Preparing Perfect Berries for Applique

Preparing Perfect Berries for Applique

Do you have a favorite applique pattern that needs a circle or berry appliqued to it.  If you're not keen on preparing a needle turn circle give this version a try:

Using Karen Kay Buckley's Perfect Circles templates choose the 1/2 inch diameter template.  If you don't own Perfect Circles, use the heavy piece of cardboard to cut a circle template.
  • Cut 1" diameter fabric circles for berries --  A US Quarter (coin) works great to measure and cut a 1" circle.
  • Once the 1 inch fabric circles are cut , hand sew a running stitch around the perimeter of the fabric circle - leaving approximately a 6" tail of thread attached to the fabric circle. Do not knot or cut the thread after you've finished the running stitch.
  • Place a Perfect Circle or cardboard template in the center of the fabric.  (Do not use template plastic unless it is heat resistant).
  • Pull the thread taut around the Perfect Circle, drawing the fabric tight around the template.
  • Place the unit right side down on the ironing surface, spray a bit of starch or sizing on the back side of the drawn fabric and place a medium heat, dry iron on the piece(s) until the circle/berry is completely dry (a minute or two depending on how much spray starch you use).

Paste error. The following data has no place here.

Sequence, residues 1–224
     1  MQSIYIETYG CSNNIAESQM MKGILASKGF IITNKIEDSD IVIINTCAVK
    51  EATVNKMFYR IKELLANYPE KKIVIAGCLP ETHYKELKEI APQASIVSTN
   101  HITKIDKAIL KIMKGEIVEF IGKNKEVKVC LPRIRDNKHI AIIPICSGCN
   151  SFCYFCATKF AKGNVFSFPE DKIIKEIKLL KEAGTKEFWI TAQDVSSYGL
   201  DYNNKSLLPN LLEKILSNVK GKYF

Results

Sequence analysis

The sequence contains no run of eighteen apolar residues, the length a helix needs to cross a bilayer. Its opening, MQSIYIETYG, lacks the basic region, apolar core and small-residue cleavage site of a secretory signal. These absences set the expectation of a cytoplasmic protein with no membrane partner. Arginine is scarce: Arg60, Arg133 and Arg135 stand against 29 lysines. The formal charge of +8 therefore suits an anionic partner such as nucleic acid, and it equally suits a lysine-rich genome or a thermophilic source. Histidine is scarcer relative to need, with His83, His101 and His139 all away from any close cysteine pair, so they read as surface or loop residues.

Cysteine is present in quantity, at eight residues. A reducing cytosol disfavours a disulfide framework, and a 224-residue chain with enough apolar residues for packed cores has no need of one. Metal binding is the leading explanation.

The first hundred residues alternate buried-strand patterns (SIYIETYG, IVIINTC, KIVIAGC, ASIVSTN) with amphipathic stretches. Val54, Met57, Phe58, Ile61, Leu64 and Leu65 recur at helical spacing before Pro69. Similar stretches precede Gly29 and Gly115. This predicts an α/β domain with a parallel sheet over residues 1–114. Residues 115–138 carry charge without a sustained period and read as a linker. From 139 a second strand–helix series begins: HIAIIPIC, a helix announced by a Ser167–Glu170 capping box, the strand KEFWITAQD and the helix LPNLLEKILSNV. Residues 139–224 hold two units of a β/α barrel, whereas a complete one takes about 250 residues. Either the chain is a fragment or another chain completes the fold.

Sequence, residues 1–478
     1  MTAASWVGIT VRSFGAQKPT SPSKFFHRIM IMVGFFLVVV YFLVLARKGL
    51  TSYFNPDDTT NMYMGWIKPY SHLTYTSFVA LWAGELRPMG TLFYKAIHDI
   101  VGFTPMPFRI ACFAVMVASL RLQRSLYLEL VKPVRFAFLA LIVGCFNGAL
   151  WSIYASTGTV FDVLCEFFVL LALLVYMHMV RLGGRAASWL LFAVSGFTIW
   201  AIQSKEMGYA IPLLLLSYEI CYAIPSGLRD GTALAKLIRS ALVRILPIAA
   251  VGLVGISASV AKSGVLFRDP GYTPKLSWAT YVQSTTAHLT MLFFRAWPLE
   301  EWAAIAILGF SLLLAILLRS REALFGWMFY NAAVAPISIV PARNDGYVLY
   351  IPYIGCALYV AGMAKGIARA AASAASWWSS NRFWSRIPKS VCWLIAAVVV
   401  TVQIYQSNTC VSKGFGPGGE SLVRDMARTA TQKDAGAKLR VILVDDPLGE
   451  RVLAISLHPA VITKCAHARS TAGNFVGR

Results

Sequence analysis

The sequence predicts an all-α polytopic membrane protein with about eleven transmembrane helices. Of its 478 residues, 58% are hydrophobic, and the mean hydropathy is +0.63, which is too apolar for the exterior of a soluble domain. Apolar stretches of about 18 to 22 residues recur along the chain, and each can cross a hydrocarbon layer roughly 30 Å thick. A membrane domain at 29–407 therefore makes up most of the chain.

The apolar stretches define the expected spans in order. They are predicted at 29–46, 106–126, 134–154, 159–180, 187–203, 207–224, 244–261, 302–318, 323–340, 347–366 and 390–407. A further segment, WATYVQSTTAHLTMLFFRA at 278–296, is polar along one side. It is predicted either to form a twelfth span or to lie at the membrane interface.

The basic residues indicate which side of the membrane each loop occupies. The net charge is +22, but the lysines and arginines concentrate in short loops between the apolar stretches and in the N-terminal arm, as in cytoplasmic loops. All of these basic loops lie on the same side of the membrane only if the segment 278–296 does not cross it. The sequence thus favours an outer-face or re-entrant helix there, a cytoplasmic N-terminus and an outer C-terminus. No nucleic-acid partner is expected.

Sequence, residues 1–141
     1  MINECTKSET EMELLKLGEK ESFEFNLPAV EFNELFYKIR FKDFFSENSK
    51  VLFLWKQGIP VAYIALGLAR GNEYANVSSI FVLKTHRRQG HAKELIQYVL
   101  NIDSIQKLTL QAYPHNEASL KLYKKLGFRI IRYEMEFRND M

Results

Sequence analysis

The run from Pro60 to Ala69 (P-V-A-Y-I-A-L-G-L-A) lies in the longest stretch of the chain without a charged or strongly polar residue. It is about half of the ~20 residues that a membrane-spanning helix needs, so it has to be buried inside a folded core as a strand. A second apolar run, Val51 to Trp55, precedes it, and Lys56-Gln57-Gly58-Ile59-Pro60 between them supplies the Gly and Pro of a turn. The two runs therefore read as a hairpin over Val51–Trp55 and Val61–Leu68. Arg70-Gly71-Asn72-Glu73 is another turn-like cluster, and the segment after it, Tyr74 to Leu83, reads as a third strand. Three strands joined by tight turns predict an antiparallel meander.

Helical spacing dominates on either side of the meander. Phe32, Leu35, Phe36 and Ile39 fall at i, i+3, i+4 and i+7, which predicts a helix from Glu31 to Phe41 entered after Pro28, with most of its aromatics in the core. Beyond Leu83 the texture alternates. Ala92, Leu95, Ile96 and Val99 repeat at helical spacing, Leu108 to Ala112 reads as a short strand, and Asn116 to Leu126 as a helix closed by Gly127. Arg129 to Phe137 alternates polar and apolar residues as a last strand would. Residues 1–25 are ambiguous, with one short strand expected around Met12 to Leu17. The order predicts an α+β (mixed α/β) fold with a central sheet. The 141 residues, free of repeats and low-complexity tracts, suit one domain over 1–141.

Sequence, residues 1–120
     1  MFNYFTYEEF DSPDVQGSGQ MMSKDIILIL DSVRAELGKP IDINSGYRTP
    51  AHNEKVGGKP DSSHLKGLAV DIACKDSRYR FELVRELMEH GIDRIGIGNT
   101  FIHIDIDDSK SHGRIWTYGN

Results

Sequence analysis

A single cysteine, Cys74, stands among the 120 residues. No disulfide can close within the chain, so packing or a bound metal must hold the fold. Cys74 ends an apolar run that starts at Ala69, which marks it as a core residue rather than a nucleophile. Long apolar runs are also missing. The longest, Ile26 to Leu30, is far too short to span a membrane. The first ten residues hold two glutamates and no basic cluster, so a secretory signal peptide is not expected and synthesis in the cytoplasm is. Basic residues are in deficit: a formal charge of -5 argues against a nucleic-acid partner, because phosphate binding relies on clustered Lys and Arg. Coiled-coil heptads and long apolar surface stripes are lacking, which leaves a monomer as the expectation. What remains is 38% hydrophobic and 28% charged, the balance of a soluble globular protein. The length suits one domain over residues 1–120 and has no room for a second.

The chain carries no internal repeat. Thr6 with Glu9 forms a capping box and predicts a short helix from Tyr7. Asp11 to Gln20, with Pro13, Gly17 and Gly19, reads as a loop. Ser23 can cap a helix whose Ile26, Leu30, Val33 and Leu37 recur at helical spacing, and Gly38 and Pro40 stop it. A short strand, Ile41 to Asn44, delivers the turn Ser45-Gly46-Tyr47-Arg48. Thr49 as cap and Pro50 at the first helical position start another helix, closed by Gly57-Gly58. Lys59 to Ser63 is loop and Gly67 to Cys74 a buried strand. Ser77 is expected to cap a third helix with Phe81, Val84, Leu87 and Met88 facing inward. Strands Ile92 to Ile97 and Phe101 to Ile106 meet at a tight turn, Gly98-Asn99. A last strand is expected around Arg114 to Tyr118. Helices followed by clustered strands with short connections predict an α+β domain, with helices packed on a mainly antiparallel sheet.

• Remove the iron, allow the berry and template to cool, then peel the edge of the fabric back to  remove the  template.
  • Reshape the circle by pulling the thread taut again and press once more to set the circle.
  • Knot the thread once the circle is as you desire
  • Leave the thread attached to the circle and use it when you're attaching the circle to the background fabric.
Here is a summary of the steps:
Shown: A collection of berries: The Redbird and Berries Mini QUilt used appx 75 berries and included some berries made from the leftover Little Black Dress 2 mini-charms (not shown below).

Note: As originally documented in the Moda Bake Shop Redbird and Berries Mini Quilt Recipe posted Jan 24th, 2014 ~ Written by Karen L. Miller

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